She flattened herself against the next wall, pushing her back hard against it, willing it to consume her, hide her. Why was this so nerve wracking? She knew nothing about this target. Maybe there was nothing to be worried about. Maybe he was crack ninja material. Sweat ran into her eyes. She blinked it away.
The Com burst into life.
“Jones?” Came the voice. Faint. Panicked? Crackling.
“Kap?” She was flooded with relief. Her eyes welled up. She told herself it was more sweat.
“Jones, where the fuck are you?”
That was better, that was the Kap she was used to.
“I’m outside the target’s front door,” she whispered, hoping the mic would pick it up. “Where the fuck have you been?”
“Touché. But get out of there.”

What?

Something was up. Something was wrong with Kap, he wasn’t saying something that she needed to know. Or he was saying something that she needed to ignore…
“Didn’t get that Kap. Any further instructions?” She asked.
“Get out!” Kap screamed. “Get out now!”
Jones opened her mouth to protest.
The steel door slammed open with a crash. Behind it, the flat exploded. The Com went dead.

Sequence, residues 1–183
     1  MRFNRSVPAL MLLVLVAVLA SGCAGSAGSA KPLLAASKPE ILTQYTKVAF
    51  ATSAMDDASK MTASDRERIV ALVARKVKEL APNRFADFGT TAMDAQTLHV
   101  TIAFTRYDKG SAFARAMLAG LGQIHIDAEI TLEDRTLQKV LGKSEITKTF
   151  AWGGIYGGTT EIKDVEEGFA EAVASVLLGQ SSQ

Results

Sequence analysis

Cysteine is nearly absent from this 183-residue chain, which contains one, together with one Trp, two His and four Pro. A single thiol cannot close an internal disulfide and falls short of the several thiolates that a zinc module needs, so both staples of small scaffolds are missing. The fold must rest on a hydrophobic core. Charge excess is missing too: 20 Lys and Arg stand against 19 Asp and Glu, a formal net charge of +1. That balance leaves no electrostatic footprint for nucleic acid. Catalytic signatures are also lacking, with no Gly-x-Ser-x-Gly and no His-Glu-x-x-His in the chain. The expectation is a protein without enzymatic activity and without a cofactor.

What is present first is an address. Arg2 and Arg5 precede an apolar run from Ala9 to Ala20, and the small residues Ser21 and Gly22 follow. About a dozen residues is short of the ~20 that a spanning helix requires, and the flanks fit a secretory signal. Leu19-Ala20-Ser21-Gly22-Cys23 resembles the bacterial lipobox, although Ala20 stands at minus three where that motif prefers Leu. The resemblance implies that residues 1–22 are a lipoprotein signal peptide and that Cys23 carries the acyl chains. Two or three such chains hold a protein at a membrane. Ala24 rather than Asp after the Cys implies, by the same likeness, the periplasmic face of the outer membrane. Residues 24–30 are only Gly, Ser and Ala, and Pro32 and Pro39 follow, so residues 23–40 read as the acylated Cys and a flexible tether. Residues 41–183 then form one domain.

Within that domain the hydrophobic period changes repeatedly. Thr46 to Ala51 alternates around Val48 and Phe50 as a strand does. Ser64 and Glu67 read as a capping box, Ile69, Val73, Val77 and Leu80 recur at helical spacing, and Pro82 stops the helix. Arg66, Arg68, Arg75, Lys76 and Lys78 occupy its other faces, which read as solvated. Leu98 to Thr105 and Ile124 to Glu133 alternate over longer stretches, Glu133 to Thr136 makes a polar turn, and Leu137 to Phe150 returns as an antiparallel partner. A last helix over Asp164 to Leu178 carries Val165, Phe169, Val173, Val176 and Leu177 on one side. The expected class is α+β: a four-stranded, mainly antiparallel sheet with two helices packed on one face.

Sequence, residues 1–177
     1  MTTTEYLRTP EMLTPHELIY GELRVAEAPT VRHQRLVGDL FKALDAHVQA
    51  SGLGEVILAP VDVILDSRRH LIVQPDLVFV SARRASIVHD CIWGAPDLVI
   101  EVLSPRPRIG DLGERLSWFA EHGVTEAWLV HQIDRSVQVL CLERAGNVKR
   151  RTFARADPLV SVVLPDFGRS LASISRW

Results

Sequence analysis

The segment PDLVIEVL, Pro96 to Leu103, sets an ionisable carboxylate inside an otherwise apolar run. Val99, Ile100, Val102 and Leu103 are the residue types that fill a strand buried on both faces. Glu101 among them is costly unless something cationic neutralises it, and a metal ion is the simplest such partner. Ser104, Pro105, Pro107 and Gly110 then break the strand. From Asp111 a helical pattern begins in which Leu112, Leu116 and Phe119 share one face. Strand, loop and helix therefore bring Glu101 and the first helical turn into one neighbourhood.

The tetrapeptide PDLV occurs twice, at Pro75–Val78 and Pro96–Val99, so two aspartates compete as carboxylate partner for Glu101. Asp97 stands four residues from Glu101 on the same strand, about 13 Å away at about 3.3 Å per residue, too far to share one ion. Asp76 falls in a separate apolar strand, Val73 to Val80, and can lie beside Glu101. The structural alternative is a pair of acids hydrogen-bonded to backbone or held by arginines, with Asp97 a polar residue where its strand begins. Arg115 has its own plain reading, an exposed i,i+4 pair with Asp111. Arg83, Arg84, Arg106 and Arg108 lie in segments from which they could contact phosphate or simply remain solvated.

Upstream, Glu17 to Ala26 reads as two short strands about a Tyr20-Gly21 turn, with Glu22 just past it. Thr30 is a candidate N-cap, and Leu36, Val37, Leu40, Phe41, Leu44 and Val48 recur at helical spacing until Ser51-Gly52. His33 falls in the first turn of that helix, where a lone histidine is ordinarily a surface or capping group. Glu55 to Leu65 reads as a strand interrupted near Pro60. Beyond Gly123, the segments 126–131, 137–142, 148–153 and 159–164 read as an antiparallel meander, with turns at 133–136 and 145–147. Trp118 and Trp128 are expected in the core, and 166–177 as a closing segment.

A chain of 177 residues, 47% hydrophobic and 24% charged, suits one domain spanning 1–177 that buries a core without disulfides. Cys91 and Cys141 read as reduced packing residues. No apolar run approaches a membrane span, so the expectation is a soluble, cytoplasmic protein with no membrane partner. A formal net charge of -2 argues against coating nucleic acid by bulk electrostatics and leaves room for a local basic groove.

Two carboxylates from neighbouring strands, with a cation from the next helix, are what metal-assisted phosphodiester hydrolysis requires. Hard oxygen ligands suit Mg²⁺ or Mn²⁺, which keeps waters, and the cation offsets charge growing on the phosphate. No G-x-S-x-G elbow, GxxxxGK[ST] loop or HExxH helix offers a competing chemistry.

Agent Jones lowered her arms from her head, around which she’d wrapped them to protect herself from the shards of flying glass and metal from the explosion. The floor was littered with glittering debris and a dust was settling. Through the now open doorway there seemed to be smoke hanging inside the flat. She stood up from the crouch she’d cowered into and tentatively approached.
The smoke was thick and not flowing the way she would expect. It was eerie, as if the interior of the flat was frozen in time. Come to think of it, everything on her side of the doorway was so silent and still that maybe time had stopped for everyone. She took another few steps forward.
It wasn’t smoke. It was too dense, too solid, like a veil or a mesh or a… web. It was. Thick sheets of, presumably, spider web hanging from the doorframe and strung behind, making it hard to see much further than a few feet into the hallway. Agent Jones stopped in her tracks.
How did anywhere get like that? There couldn’t be any people inside, certainly not the person she was expecting to find in there. And there had to be spiders. Who knew how many to spin that amount of web? Or spider. So how big would it have to be to…